He wasn't having a bar of that, so he packed up, moved to Australia and subsequently rose through the ranks to become a well-known player for the Wallabies.

The born and bred Rotorua man became the first Maori All Black to cross the ditch to play for the opposition.

In a sit-down chat with Te Karere, he shared several great yarns about overcoming a leg injury he sustained during a stint for the Maori All Blacks.

But it's when he proved he was a force to be reckoned with in Australia he got the opportunity to play against greats like Sir Colin "Pinetree" Meads and cousin and former Maori All Black Michael Parkinson.

"I just lived for the game"

Thompson's mind is filled with fond memories of the first time he fell in love with rugby.

He was about eight years old at the time.

"As a kid, I can remember in 1956 the Springboks were playing the All Blacks... so mum and I and the family started getting ready to listen to it on the radio," he said.

"When my mum was alive, I started wearing black boots with white laces and she would always wash my boots and shorts on a Friday night so I had nice clean gears the next day.

"I just lived for the game."

'It was the buzz of my life' - Thompson picked for Maori All Blacks

Fast-forward to 1967.

It was the year Thompson was chosen as a reserve hooker to a bloke named Ronnie Walker for the Bay of Plenty rep team.

The last of their six games for the season was against Auckland.

"Ronnie had an injured knee so I was picked for the game against Auckland."

A Maori All Blacks selector was there and asked the Bay of Plenty coach whether or not Thompson had any Maori blood in him.

Thompson's mother was of Ngati Kahungunu (Hawke's Bay iwi) descent.

His father got a call the following week saying Thompson had been picked for the northern Maori squad to face the southern Maori team in Palmerston North.

"We beat the southern Maori team convincingly, it was the buzz of my life."

In 1969, when he played for Rotorua's Kahukura Rugby Club against local side Ngongotaha, Thompson got into a rough tackle.

He suffered a compound fracture in his leg. Doctors then delivered Thompson a second blow.

"I told my wife (then-girlfriend), who was a radiographer at the time, let's get married and get as far away from New Zealand as possible.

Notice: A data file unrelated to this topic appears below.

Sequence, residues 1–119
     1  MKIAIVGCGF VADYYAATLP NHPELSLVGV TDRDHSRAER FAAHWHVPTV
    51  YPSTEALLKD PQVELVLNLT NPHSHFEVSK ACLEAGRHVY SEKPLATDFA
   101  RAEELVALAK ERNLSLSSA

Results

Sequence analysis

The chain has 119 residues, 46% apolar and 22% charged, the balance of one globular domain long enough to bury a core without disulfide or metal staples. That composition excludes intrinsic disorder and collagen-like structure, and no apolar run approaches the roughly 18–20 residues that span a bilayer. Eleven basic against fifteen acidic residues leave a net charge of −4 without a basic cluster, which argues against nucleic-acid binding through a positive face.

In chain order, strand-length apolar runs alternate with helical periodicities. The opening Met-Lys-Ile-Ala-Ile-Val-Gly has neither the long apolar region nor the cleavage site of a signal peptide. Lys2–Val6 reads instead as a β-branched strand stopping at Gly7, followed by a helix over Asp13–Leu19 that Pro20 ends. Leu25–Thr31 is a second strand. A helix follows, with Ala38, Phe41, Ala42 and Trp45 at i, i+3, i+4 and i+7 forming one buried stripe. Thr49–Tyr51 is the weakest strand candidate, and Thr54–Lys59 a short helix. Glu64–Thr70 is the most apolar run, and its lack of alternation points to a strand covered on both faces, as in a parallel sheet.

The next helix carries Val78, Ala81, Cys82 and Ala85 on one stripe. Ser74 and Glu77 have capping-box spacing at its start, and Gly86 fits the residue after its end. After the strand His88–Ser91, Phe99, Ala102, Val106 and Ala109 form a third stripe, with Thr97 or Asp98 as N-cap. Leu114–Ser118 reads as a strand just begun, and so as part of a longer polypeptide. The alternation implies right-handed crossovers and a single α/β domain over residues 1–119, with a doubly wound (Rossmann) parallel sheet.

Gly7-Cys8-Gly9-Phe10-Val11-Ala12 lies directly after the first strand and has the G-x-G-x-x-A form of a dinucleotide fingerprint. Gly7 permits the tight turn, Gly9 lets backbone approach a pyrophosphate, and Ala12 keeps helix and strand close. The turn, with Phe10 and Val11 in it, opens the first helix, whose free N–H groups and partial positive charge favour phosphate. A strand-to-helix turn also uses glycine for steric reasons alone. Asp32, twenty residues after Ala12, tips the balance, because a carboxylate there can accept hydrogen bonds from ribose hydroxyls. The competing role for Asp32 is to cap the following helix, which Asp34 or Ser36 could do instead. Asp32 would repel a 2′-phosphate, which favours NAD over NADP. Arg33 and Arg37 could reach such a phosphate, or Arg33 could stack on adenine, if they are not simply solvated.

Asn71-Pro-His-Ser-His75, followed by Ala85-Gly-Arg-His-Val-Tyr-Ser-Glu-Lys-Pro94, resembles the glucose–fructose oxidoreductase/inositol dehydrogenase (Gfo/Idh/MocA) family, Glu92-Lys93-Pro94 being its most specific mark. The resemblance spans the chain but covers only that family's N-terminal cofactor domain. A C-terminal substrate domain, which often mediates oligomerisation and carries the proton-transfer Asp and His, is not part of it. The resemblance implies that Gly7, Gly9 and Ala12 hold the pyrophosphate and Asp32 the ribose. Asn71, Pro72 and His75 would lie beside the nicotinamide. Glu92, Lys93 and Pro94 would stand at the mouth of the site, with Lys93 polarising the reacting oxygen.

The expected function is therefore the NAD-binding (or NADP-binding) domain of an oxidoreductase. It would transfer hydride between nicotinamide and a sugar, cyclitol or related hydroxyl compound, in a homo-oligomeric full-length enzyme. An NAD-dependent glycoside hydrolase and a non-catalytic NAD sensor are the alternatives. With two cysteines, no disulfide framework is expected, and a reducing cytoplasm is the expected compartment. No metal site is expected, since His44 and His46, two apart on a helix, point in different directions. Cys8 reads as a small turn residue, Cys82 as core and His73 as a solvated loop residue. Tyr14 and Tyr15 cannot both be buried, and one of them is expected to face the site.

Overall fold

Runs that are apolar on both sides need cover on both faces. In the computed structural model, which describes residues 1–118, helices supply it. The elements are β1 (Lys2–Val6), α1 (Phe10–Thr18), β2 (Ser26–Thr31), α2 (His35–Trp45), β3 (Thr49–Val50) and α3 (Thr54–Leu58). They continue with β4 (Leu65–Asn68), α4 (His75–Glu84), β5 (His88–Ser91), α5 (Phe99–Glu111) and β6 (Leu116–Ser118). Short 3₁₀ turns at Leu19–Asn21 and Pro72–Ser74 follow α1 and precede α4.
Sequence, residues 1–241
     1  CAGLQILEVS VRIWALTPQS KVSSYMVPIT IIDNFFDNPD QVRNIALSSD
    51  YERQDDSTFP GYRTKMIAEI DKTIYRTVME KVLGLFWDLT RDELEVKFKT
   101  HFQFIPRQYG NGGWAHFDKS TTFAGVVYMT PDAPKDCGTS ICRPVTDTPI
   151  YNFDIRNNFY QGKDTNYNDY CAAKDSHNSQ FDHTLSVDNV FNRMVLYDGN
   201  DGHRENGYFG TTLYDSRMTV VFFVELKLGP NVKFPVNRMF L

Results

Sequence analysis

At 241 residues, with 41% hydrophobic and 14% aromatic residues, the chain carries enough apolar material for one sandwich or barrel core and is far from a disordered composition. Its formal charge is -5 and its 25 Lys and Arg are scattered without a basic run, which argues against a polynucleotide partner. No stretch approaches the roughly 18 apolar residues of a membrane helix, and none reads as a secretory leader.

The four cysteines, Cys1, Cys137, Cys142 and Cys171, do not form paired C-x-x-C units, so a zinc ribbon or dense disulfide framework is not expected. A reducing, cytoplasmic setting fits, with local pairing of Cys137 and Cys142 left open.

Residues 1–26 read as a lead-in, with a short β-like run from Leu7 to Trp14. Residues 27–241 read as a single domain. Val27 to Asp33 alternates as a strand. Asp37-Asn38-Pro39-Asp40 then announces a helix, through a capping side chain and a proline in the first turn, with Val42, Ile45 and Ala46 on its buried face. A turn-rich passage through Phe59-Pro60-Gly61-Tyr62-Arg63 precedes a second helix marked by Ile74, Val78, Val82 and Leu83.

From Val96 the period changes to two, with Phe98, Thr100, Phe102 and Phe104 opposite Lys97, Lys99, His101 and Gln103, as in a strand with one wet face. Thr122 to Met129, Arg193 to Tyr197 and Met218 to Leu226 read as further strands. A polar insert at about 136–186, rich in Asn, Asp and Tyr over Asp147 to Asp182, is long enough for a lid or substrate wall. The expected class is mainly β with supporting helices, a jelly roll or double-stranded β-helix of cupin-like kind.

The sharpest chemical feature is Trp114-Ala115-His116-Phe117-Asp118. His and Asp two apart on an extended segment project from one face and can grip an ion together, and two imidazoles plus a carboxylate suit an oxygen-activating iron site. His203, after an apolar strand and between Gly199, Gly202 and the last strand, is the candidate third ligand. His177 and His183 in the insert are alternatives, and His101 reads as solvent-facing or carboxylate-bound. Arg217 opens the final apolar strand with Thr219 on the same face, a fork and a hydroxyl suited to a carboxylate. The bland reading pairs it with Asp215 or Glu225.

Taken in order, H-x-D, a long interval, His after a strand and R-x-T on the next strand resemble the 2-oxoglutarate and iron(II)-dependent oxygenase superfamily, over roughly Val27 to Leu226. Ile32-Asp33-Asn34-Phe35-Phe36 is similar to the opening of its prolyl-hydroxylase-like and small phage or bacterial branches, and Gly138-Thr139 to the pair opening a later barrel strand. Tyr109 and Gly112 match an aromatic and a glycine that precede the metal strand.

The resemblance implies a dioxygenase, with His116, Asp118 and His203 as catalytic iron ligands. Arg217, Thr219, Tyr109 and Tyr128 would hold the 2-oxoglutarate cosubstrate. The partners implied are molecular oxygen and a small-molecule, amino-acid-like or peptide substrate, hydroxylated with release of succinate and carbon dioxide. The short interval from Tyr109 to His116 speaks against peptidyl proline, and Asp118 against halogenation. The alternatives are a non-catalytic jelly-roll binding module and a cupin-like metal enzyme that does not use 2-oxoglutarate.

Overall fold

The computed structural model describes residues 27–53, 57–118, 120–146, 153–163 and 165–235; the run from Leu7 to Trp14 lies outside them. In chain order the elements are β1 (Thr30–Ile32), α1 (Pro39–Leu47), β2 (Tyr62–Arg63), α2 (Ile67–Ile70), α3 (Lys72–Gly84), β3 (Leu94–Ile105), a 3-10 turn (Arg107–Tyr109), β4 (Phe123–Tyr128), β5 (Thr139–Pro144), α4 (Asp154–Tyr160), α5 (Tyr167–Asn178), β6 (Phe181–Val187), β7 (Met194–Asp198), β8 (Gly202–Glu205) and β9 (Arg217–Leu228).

"I wanted to leave because I was told I would never play rugby again... they said my ankle was too badly dislocated."

The only Kiwi to be picked for junior Wallabies side

Fast-forward to Perth in 1971.

During South Africa's tour of Australia, Thompson proved he was a diamond in the rough when he scored all of Western Australia's 18 points in their 44-18 loss to the visiting Springboks.

After this game he got a call up to play in the second match for the junior Wallabies against South Africa.

Although he said he played a fairly rough game, it was after this that he got a call from a journalist in Sydney to say he had made it into the national team for the third test.

"He rang me and asked how I was feeling, I told him that I was heading back to Perth, because the game we had just played was in Brisbane.

"I was a bit shocked, because it was this journalist who told me I had made the Wallabies... I ended up going for a run."

His commitment to playing for Australia took him on rugby tours to New York, France, South Africa and of course his motherland.

"When we played against the All Blacks, I would fly in and get calls from old mates who were having parties just up the road from where we were staying, so I still had those old connections," he said.

"I had such a great time whenever I came home from Australia, I loved it."

He told 1 NEWS he held Sir Colin Meads in high esteem, and was the player he looked up to the most.

"Everyone these days goes on about the likes of Richie McCaw, but Colin Meads is my idol."